Driving our Long Term BMW M3 the other night, a warning flashed across the pixelated display. It was the M3 after all, so naturally my brain assumed it was the traction control giving me a stern warning. It wasn't, low oil -- not low traction-- was the culprit.
M3's are known to burn a little oil, especially if you really drive 'em so it was no real surprise... I manually checked the fluid and it was low. Driveable, sure, but the full potential of our 8,000rpm inline-6 would have to be saved for another day.
The plan was to hit Kragen, buy oil, refill and then play. I'd be back on the road to funsville in no time.
Except that Kragen didn't have the Castrol TWS 10w-60 in stock. Neither did Autozone or the other Kragen. As the big-name retailers weren't going to have such a rare vintage, my only option was to go home and sleep until I could find a BMW dealership. (Truthfully, here in SoCal, I'm surprised a 24-hour BMW parts department doesn't exist.)
The next day, with time to kill, I stopped by BMW of Bakersfield to check their inventory. I bought four-liters (crazy brand, not using the traditional quart) at $10.25 per. Our M3 took 3/4 of a liter before the level was acceptable. A reserve bottle is now netted safely in the trunk to prevent future lack of fun.
Mike Magrath, Vehicle Testing Assistant @ 53,000 miles
February 19, 2008
Last week we ordered a new set of tires for our 2002 BMW M3 on Tire Rack. The plan was to buy the stickiest set of tires we could get in the original equipment 225/45R18 front and 255/40R18 rear sizes. We thought about going with R-compound tires, but Yokohama Advan Neova AD07 "extreme performance summer" tires were the best we could do in our size. These Yokohamas sell for $263 per front tire and $321 per rear tire.
February 13, 2008
Here's the bill for our recent M3 repairs. Look closely and you'll find a grand total of $1,173 for a four wheel alignment and replacement of rear control arm busings. Several of you have suggested that those bushings crack prematurely and our Long Beach BMW tech confirmed this adding "it's especially true on cars that are driven hard." Guilty as charged.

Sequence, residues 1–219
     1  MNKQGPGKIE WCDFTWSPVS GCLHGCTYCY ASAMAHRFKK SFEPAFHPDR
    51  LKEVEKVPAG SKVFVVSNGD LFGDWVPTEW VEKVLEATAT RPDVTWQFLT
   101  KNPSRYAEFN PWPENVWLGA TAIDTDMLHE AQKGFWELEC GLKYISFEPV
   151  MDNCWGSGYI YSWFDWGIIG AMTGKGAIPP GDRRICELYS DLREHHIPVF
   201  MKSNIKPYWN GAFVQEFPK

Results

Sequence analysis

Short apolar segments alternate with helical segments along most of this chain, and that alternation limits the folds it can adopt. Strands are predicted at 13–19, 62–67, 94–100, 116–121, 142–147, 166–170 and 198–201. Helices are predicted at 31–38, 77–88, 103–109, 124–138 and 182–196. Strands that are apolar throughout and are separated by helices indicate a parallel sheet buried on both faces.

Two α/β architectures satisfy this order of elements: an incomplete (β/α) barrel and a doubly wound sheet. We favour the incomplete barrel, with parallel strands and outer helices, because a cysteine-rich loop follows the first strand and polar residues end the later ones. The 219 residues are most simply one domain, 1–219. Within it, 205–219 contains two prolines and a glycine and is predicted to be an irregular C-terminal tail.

The good news? I'm about $1,200 closer to getting a free flight on Jet Blue thanks to the BMW's hefty bill and my American Express card...
We opted not to do the suggested brake rotor and pad replacement as even our tech said they were not down to the wear indicator yet. Now that the suspension is back to spec, we're looking for new tires to replace the current ContiSport Contacts that are on the M3. Editor in Chief Scott Oldham simply said "I want something stickier." I'm not going to get to cozy with those new tires, I don't think they'll be around long.
Brian Moody, Road Test Editor
February 12, 2008
Our M3 has been making an odd noise - a thump, thump, thump sound at very low speed. The tires also seem to be wearing unevenly - chunking on one rear tire too.
This morning we dropped it off at Long Beach BMW. About an hour later, our service advisor Anthony called us and recommended the following:
Replace front pads and rotors - $1,041
Replace rear control arm bushings - $800
Four wheel alignment - $280
4 new OE spec tires - $1,331
We believe the thumping noise is tire related and the dealership all but confirmed this. Therefore, we're going to replace the bushings, get the alignment and hold off on the brakes... Recent track testing confirmed the M3's stopping prowess so we think there's a little life left in the binders.
As for the tires, we'll get our own from Tire Rack and have a local shop install them.
Other than these minor problems, the M3 continues to run strong and provide more fun than pretty much any other car in the long term fleet.
Brian Moody, Road Test Editor @ 52,094 miles
January 09, 2008
I received an e-mail this morning in regards to a TSB ( Service Information B11 02 03 ) for our new used Long-Term M3, and to all M cars with early-- produced between October, 2001 and February, 2002-- S54 engines. The oil-pump and connecting rod bearings need to be replaced or, as was so delicately put in the message, the car could "puke its bottom end out."
Some sleuthing from an eager staff member (SubyTrojan) with connections at BMW, confirmed that our M3 was one of 4,000 cars involved, and was repaired in the summer of 2004, just over a year after the introduction of said TSB. The mileage was 23,361. We don't know if the car exhibited the tell-tale knocking that precedes puking.
With that out of the way, we're free and clear to continue driving this car the way BMW intended.